The char line has only needed a minor touch up. Mostly for a pretty photo than really necessary.
Strength is medium/full.
Duran Cigars has several different lines: Azan, Signature Line, Baracoa, and NicaTabaco Factory Blend No.2.
I’d love to review them all. Jack did send me a bunch of Azan. He sent the White Premium Line and the Burgundy Line. I would like him to send me the Azan Maduro Natural Line as well.

The halfway point is here. Smoke time is 50 minutes.
The Neya Classic Cañonazo does just what it is advertised to do: EPF. It continues to get better and stronger with each puff.


I can’t thank Jack Torano enough for opening my eyes on the Neya line. He did me a real solid with giving me samples.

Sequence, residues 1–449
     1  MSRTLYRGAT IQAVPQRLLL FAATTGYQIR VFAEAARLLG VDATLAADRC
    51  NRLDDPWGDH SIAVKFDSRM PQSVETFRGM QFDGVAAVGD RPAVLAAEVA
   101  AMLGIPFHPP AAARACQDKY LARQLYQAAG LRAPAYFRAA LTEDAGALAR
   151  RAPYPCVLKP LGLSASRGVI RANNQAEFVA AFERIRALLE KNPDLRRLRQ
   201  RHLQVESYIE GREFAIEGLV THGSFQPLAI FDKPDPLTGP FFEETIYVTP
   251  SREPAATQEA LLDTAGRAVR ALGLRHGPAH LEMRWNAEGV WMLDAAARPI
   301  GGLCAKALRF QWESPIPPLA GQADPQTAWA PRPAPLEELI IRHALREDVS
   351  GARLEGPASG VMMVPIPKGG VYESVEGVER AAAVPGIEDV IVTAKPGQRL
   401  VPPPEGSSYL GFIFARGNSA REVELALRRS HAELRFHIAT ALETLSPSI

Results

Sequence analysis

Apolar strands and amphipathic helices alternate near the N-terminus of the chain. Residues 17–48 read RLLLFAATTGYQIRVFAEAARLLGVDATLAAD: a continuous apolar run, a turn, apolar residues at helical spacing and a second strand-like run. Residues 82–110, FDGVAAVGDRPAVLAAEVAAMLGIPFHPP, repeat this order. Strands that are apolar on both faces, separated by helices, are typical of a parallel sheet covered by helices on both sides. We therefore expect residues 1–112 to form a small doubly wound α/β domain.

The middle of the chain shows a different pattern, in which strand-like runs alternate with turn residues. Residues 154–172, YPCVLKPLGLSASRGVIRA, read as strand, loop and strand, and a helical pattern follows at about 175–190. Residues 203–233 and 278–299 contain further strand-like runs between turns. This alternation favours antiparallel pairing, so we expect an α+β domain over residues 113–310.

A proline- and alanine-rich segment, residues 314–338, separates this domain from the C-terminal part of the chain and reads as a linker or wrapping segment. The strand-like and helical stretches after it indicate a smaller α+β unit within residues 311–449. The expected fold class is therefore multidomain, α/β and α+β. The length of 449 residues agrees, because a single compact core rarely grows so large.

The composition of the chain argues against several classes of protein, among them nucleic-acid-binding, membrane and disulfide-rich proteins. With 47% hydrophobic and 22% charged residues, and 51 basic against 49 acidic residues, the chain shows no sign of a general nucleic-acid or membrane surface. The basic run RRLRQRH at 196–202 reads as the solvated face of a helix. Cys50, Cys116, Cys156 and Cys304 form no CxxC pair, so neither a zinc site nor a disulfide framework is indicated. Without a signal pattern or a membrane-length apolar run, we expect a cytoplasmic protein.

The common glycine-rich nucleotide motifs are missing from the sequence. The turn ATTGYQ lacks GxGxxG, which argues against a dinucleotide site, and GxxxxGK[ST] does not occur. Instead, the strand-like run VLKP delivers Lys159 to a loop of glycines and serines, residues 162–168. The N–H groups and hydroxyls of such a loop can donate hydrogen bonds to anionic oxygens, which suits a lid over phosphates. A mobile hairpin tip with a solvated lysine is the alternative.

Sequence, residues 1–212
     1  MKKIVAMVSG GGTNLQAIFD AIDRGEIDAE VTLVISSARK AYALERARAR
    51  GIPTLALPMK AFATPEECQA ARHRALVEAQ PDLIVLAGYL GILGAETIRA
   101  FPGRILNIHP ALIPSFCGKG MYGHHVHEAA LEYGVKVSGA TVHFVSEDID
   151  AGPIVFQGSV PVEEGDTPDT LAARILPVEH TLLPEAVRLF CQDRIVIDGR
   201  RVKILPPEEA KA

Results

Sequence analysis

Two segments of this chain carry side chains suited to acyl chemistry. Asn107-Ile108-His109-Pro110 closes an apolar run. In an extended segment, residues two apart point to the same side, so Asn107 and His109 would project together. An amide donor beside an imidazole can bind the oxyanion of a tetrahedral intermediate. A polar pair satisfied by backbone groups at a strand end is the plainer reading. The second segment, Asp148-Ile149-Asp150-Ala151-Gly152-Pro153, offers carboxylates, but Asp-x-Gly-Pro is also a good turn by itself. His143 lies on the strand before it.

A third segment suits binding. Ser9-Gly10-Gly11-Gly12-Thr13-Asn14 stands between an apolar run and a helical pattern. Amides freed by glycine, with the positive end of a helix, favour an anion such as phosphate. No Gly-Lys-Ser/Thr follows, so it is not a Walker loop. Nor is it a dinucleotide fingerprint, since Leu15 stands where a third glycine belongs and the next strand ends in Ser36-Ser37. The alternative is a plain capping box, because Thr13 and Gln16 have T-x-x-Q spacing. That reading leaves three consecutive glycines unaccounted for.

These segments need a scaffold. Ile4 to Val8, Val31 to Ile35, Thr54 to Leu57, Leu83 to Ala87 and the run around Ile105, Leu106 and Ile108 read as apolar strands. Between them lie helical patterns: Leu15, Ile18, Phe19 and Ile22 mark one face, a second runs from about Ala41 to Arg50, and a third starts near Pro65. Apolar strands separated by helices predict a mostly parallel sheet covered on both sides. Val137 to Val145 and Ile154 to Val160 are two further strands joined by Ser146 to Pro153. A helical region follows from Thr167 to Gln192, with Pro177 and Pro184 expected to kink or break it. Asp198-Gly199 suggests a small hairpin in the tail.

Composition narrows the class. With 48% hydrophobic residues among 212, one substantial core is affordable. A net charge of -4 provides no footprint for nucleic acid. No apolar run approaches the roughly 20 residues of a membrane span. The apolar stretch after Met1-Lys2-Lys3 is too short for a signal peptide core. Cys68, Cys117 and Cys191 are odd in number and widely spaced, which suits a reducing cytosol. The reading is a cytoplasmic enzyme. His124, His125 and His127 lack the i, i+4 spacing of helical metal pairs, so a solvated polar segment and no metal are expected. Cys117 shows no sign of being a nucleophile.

Lawdy, lawdy. I don’t know how, or why, but the Neya Classic Cañonazo continues on its quest to be the creamiest cigar I’ve smoked.
There is an addition of creamy caramel.
Now for the delineation of the malts: Cara Munich Malt, Chocolate Rye Malt, Coffee Malt, and Honey Malt. (See Malt Chart).


I dig how the spiciness hasn’t lost track or gotten lost in the cornucopia of flavors. This is “exactly” how I like my cigars to taste. A continuous underpinning of spiciness that gives the cigar some zest and oomph.

Meanwhile, the stronger it gets, the smoother it gets. I expect the last third will see the Neya Classic Cañonazo hit full body.

The Neya Classic Cañonazo is a stick you don’t want to end. Time flies. And so do the transitions. Without major transitions, any cigar is a dud. The whole key to a fine smoke are those transitions that keep you guessing at to what is up next.